Chinese partners created joint ventures with McDonald’s and strengthened McDonald’s supply chain. The supply chain created by McDonald’s has created 95% of the materials needed. It would be costly for McDonald’s to switch suppliers because of the joint venture that they entered into with their Chinese partners. This makes the suppliers a strong competitive force. Threat of Substitute Products: Many substitute products exist in the fast food arena. If you look at McDonald’s as a hamburger fast food restaurant, substitute products would be noodles, dumplings, sandwiches, chicken, and pizza.
Traditional Chinese restaurants and home cooked meals are also substitutes to the McDonald’s hamburger. There is a vast array of substitute products available for the Chinese consumer. This makes substitute products a moderate competitive force. 4. What are the strategic groups in the fast-food industry in China? In which strategic group does McDonald’s China compete most in China. A strategic group as defined by Michael Porter is “a group of firms in an industry following the same or similar strategy along strategic dimensions”.
In other words, a Strategic Group (SG) is a group of businesses that function in a similar way with respect to specialization and vertical integration. The strategic groups in the fast-food industry in China all have the following characteristics in common: fast food, efficient self-service, standardized servings and systems, less reliance on utensils, clean/comfortable atmosphere, and local menu additions. McDonald’s obviously excels at all of these characteristics world-wide and took it a step further by promoting the Western traditions by marketing the “Window to the West”.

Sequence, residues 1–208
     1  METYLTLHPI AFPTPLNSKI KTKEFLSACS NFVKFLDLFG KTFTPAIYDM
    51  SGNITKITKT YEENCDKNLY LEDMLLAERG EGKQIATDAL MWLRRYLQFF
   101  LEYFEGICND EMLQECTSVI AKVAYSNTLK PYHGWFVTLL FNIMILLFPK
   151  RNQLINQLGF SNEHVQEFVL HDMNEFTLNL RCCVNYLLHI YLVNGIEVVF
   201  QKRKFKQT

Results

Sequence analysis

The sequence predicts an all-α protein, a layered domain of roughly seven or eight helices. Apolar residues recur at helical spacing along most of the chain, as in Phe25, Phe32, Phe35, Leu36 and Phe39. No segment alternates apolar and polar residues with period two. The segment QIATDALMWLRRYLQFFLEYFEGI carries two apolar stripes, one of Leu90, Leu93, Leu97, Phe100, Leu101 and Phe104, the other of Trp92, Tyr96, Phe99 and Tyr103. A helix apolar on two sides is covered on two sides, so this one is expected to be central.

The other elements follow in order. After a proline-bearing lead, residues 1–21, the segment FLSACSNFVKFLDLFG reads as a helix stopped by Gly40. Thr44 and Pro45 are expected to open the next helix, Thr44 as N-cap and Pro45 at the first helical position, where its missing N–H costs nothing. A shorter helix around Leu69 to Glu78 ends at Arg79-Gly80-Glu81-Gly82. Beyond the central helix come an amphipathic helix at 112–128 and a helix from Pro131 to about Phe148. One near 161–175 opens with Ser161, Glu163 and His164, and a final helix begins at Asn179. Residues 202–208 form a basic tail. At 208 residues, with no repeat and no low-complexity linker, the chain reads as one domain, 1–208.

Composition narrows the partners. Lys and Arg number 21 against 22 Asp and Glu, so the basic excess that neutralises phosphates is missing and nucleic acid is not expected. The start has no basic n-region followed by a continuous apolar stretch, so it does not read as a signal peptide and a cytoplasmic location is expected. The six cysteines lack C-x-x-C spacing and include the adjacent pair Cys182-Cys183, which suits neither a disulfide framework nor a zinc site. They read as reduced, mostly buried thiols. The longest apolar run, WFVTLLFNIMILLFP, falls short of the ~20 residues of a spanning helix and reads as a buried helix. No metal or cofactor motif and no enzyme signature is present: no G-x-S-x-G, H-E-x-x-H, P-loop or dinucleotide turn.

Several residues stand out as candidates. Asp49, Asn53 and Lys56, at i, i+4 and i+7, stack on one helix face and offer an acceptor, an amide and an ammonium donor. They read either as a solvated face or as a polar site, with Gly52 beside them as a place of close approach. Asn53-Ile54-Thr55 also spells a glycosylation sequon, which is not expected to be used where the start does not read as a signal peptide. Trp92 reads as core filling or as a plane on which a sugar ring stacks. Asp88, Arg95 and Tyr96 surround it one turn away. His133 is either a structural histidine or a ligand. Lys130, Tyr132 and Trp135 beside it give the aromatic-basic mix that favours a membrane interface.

This particular type of western-influenced fast-food is the primary strategic group that McDonald’s competes in even today. Western-influenced fast food was not new when McDonald’s arrived on the scene as KFC arrived in 1987, a full five years ahead of McDonald’s. KFC did so well that their success lured McDonald’s and Pizza Hut to follow suit beginning in 1990. However, “fast-food” in China wasn’t new when KFC entered China as they had noodle and dumpling stalls. KFC, McDonald’s and Pizza Hut all wanted to capitalize on the rapidly-expanding middle-class economy in China with their new-found increasing disposable income.
KFC was able to do this the best as their primary offering is chicken-based whereas both McDonald’s and Pizza Hut had to add local dishes to go along with their mostly-beef menu. All three of the western brands (KFC, McDonald’s, Pizza Hut) were considered luxury-type restaurants and as such were able to charge higher prices as well. Fast forward to present times, according to William Mellor of the Bloomberg Markets Magazine[ii] we see that Yum! Brands now has 3,200 KFC’s and 500 Pizza Hut’s in China whereas McDonald’s is striving to get to 2,200 stores by 2013.
As you can see, KFC and Pizza Hut are well ahead of McDonald’s in terms of penetrating the Chinese market but that isn’t deterring McDonald’s from moving forward. ———————– [i] Ko, Stephen. McDonald’s: Is China Lovin’ It? Asia Case Research Centre. The University of Hong Kong. December 2, 2008. [ii] Mellor, William. McDonald’s No Match for KFC in China as Colonel Rules Fast Food, Bloomberg Markets Magazine. January 26, 2011. Retrieved July 16, 2011 from http://www. bloomberg. com/news/2011-01-26/mcdonald-s-no-match-for-kfc-in-china-where-colonel-sanders-rules-fast-food. html.